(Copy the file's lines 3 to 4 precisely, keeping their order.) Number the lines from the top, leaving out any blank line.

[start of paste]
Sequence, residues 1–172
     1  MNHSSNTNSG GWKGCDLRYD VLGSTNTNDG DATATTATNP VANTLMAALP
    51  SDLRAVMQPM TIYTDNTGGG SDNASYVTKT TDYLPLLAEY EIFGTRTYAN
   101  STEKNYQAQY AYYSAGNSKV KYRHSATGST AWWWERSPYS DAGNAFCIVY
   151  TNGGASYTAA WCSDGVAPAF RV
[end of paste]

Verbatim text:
    51  SDLRAVMQPM TIYTDNTGGG SDNASYVTKT TDYLPLLAEY EIFGTRTYAN
   101  STEKNYQAQY AYYSAGNSKV KYRHSATGST AWWWERSPYS DAGNAFCIVY